Last year John and I spent a few weeks near Siracusa, the birthplace of Archimedes and site of a massive stone amphitheater where the plays of Aeschylus were once performed. Now it was time to see Syracuse, New York, “The FIRST to Say Yes to Education City in the Nation” and erstwhile home of L. Frank Baum.
We were decanted from our coach into the bus station, a multi-national scene smelling of the quasi-herbal fragrance emitted by the Subway franchise. Leaving John with the luggage, I set out to locate a taxi stand and found one at the front of the station. A cab happened to be leaving right at that moment, which suggested that the stand was not defunct.
By the time we’d hauled all our stuff over to the stand, however, doubt had crept in.
“What do we do if he doesn’t come back?” John asked.
‘Well, we’ll just call another one,” I replied.
“How? Everyone uses Uber now. We don’t have Uber. We are primitive people.”
“OK, I’ll go inside and ask someone.”
I ventured into a little shop inside the bus station and asked the young woman at the cash register if she knew whether taxis waited outside as a rule.
“I don’t think so,” she shrugged.
“Well, do you know the number of any local taxi company?”
“No,” she said, but then her face brightened. “Why don’t you just call an Uber?”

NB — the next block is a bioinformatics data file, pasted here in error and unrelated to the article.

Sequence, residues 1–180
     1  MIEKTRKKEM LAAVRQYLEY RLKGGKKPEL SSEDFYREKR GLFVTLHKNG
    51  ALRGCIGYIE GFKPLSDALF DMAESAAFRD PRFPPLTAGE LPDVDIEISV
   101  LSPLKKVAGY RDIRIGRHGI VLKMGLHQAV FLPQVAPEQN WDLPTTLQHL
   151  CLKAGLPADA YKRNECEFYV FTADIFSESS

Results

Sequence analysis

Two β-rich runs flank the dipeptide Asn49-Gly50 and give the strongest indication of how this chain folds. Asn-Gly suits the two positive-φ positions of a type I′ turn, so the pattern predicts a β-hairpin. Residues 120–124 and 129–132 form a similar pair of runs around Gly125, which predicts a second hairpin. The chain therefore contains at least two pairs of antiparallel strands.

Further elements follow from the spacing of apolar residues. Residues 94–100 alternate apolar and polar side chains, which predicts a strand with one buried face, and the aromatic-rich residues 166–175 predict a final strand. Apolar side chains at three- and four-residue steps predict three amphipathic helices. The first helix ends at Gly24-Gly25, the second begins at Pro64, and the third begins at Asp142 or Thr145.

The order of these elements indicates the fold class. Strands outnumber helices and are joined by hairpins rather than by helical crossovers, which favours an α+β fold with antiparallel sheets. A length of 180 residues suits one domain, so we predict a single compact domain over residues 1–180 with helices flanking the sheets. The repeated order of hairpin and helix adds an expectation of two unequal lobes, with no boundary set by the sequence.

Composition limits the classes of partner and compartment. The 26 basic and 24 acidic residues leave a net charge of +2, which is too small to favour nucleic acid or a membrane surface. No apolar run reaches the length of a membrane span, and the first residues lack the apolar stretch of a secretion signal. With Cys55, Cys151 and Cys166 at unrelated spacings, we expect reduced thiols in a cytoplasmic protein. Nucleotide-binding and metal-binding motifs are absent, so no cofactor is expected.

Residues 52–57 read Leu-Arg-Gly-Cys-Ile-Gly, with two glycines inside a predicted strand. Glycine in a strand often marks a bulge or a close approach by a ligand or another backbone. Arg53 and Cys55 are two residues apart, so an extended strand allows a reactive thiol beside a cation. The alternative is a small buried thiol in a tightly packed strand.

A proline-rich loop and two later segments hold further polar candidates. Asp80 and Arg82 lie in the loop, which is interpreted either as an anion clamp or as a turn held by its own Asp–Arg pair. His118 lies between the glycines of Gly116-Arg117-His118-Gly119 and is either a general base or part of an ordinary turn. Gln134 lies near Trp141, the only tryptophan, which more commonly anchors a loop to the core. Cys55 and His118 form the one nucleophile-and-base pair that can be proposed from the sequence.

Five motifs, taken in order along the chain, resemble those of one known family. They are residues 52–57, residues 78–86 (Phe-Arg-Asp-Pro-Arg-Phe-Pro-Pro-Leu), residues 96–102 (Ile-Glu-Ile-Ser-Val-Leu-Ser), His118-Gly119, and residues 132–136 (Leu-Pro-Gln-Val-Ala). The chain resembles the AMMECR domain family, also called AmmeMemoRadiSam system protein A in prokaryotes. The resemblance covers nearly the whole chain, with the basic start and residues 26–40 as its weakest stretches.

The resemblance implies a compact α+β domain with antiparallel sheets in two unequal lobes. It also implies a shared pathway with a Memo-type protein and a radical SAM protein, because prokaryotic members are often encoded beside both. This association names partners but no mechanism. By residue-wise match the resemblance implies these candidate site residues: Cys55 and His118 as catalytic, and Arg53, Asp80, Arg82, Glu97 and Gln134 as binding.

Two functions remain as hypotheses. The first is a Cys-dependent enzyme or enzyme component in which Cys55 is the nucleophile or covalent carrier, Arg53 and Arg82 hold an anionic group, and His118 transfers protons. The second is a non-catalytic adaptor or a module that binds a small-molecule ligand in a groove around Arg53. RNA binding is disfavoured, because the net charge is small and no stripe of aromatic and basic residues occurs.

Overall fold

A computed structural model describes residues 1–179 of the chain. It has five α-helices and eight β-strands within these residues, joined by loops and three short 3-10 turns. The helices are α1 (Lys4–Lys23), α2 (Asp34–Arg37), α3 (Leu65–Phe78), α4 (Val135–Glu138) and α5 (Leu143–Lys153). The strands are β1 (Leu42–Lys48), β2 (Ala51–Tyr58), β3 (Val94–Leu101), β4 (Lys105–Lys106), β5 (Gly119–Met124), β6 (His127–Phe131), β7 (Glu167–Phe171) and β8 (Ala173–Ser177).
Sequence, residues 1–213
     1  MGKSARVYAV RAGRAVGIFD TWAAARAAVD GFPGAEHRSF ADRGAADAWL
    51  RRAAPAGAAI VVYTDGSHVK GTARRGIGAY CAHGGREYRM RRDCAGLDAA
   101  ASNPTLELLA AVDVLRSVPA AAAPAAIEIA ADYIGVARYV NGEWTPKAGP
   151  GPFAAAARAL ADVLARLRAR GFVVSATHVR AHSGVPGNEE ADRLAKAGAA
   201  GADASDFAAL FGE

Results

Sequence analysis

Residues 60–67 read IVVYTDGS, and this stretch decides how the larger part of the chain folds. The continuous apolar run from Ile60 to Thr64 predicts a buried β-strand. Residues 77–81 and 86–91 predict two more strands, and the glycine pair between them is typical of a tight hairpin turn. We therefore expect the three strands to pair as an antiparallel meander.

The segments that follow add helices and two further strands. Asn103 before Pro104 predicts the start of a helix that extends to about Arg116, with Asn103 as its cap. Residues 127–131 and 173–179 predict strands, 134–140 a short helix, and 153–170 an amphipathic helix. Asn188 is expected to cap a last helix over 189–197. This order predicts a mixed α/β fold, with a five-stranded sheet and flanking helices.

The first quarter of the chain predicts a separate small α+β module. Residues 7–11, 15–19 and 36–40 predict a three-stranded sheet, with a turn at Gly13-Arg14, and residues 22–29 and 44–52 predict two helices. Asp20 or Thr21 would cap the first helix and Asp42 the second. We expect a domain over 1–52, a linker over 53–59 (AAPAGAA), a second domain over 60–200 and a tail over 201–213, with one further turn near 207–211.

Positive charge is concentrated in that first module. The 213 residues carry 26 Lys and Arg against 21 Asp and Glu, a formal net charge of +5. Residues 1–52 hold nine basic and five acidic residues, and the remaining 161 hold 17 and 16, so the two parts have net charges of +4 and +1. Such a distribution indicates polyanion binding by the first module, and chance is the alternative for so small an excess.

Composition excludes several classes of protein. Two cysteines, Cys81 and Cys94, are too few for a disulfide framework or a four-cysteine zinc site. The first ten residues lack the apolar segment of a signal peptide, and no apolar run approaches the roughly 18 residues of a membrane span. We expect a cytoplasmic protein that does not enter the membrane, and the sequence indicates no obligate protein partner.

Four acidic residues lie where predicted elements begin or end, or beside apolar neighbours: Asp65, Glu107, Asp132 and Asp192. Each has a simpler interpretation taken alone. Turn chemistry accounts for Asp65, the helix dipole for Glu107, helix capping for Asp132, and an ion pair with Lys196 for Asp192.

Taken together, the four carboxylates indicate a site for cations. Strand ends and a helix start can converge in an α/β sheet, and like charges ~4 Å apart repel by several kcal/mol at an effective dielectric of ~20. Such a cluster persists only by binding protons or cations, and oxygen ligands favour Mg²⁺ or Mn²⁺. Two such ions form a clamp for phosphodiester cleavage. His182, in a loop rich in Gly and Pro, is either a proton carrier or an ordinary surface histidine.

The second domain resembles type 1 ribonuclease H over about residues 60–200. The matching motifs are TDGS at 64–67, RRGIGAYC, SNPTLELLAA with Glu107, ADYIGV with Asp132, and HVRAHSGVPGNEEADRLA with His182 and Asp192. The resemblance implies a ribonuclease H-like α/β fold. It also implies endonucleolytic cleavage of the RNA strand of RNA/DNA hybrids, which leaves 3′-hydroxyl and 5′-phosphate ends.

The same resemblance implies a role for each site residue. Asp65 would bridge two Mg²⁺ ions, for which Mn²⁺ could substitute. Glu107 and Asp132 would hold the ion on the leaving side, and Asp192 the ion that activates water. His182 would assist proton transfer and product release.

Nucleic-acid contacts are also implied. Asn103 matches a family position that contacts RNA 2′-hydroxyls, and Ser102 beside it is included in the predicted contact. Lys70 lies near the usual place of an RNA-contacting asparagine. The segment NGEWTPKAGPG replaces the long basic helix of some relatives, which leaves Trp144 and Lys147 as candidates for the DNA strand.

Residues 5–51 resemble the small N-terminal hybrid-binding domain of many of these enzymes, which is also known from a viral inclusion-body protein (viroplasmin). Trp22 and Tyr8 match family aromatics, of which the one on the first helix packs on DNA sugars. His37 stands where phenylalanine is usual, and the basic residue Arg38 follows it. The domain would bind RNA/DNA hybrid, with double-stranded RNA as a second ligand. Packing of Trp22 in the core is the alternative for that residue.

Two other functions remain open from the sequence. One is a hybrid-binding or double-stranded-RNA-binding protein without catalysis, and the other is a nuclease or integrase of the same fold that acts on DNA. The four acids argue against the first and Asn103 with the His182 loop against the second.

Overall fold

“We don’t have the app on my phone and my phone is nearly depleted of battery power due to our faulty charging cord.”
Her eyes glazed over.
“Well, have a good day,” she said crisply, closing the interaction.
I walked out with a heavy heart only to see John piling our stuff into a taxi. A broad-chested guy was assisting him.
“How are you folks doing today?” The driver asked as we set off.
“Fine. We’re glad to see you; I wasn’t sure how we were going to get to our hotel.”
“Oh we’re there all the time,” he said. “It was just that a train had come through ten minutes ago so we were all busy, but I came right back.”
So the shop girl was wrong! What did she spend her time thinking about, I wondered. Gel nail designs?
“This your first time in Syracuse?” The driver asked.
“What brings you to our little town?”
“My wife’s running a trail marathon in Vermont, like a loon,” said John.
“Marathon huh? And are you underweight? Overweight?”
“Uh, probably a little overweight. But I’m not a competitive runner. I like to go slow.”
“Ah, a turtle,” he nodded.
“It’s a good way to see the countryside,” I replied primly.
“It’s been a long time since I did any running,” he mused. “My kneecaps are gone.”
“You played football?” John asked.
“Football, basketball, baseball, you name it. Not anymore though,” he laughed sadly.
“I heard they can do things for knees now,” I said helpfully.
“Oh no, I’m not going near any doctors. Don’t trust ‘em.”
John agreed enthusiastically.
“Now, to your left is the local football stadium, and there’s the local farmer’s market. Empty now but busy as anything on weekends. Another thing we’re known for here is fishing. Either of you fish?”
“No. But I’ve heard there are big salmon around here.”